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Actually, from memory it was the return pipe that was icing up, and that was because the internals were filthy and the fans weren't effectively blowing the cold out so the refrigerant returning to the compressor was still cold.  It was the comprehensive clean that sorted that issue.

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insta #tabradders
Fine art landscape and portrait photography.  And occasionally fannying around with ultra-macro when I should be working.

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Thanks all. 

Tech has been out - due to the age of the system he thinks the gas is ok but can't actually get a pressure gauge on it.  The only way of knowing for sure is take the gas out and weigh it.  At that point you may as well put fresh back in.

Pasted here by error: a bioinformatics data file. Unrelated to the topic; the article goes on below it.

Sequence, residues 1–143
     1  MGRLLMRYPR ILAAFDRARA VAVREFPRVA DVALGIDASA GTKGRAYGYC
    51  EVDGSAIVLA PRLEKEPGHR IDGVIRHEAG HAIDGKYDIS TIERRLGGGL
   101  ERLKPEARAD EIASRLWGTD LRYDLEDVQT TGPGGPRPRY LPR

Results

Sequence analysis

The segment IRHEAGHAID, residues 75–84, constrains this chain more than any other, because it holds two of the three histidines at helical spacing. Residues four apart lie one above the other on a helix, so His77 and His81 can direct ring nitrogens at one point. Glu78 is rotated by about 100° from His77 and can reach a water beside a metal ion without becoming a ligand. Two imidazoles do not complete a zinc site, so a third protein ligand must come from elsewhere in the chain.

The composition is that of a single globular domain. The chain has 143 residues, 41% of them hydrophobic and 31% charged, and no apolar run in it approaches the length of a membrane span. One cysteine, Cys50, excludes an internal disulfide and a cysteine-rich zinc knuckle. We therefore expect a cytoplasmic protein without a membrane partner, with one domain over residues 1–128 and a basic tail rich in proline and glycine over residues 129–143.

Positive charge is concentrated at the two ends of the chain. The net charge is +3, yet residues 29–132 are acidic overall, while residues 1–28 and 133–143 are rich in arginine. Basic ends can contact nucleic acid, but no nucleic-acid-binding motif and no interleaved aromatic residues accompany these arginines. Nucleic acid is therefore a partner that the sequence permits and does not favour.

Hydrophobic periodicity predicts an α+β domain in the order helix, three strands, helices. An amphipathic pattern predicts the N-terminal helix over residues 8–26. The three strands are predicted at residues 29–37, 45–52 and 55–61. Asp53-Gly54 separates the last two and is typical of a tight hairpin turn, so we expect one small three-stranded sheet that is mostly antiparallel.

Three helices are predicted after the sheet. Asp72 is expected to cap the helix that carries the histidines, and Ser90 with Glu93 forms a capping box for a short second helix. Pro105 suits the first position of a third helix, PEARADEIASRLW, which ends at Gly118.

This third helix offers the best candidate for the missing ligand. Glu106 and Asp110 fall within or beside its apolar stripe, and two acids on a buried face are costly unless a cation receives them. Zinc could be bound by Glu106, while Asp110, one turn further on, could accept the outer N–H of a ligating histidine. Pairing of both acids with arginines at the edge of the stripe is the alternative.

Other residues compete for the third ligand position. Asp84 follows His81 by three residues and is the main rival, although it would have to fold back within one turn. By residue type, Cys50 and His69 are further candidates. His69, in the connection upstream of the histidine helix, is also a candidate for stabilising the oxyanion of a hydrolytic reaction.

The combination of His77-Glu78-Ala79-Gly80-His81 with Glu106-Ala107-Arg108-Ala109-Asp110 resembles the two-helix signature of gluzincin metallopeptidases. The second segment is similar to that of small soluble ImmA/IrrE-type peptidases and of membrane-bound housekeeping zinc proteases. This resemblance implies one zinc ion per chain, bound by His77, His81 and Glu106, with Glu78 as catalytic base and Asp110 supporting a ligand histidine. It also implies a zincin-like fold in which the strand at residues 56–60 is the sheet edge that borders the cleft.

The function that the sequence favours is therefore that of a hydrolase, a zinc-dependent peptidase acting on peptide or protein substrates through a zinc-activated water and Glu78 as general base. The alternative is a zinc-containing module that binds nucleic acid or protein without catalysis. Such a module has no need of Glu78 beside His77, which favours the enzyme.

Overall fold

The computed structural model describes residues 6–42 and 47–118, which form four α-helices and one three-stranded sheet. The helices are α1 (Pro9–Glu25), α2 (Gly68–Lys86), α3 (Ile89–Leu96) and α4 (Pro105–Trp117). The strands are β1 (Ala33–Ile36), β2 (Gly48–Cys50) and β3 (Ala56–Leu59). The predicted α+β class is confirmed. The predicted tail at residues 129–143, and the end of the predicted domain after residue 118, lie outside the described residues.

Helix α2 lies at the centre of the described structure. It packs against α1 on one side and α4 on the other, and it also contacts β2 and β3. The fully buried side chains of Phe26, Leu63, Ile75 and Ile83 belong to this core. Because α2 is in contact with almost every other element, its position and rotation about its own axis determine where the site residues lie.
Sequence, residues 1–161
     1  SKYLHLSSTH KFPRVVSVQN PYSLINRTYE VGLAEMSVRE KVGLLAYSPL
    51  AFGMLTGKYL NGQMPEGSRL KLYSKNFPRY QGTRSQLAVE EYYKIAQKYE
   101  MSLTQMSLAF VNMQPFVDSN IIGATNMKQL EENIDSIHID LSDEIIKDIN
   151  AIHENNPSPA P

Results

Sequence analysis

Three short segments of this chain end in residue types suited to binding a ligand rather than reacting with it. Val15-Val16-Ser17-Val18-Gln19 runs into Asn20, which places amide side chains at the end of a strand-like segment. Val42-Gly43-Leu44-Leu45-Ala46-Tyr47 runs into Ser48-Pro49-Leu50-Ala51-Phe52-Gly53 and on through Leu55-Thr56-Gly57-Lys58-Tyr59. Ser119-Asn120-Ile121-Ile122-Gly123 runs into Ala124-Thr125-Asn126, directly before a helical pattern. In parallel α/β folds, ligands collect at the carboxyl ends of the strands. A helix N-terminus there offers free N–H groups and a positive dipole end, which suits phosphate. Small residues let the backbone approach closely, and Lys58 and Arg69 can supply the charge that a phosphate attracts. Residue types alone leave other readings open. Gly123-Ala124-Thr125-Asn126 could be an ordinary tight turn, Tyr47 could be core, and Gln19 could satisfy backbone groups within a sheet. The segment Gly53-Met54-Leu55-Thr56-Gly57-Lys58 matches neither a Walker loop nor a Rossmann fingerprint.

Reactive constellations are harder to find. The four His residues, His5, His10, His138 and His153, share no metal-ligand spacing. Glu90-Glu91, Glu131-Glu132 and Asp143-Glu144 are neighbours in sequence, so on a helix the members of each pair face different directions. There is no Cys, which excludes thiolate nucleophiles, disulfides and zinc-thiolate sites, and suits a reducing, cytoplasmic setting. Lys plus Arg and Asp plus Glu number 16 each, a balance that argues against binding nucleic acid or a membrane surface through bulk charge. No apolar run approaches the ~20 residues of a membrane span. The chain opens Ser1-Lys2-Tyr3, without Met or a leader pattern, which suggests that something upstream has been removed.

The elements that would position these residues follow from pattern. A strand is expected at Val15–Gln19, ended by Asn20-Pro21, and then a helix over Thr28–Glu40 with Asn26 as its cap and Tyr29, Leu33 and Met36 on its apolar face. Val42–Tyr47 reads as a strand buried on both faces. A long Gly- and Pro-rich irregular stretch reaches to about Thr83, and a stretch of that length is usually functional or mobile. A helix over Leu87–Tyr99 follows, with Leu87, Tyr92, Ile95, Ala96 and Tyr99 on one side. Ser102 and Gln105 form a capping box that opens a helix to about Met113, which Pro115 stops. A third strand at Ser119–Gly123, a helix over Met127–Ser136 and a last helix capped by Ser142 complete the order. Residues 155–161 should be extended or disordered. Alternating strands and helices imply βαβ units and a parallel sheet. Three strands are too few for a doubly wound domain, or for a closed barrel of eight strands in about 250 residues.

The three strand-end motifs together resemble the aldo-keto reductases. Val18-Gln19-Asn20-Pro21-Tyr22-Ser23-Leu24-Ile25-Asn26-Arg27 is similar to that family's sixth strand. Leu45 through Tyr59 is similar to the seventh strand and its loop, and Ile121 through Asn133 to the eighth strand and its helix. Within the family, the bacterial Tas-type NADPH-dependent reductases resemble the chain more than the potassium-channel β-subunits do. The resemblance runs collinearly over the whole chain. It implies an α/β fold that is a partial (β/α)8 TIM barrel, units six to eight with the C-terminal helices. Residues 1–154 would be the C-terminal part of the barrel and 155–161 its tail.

Marisa's comment was repeated too - it doesn't need to be on the lowest setting, also if you know it's going to be hot in advance turn it on early so that it can have a head start.

 

Every day is a school day!

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8 minutes ago, unzippy said:

 it doesn't need to be on the lowest setting, also if you know it's going to be hot in advance turn it on early so that it can have a head start.

It's astonishing how many Australians don't know that.  They switch on the air con and the first thing they do is crank it down to 15 degrees or something, imagining it will cool the place down faster.   It doesn't work, because the temperature setting is the temperature the device is aiming for - not the temperature the air comes out at.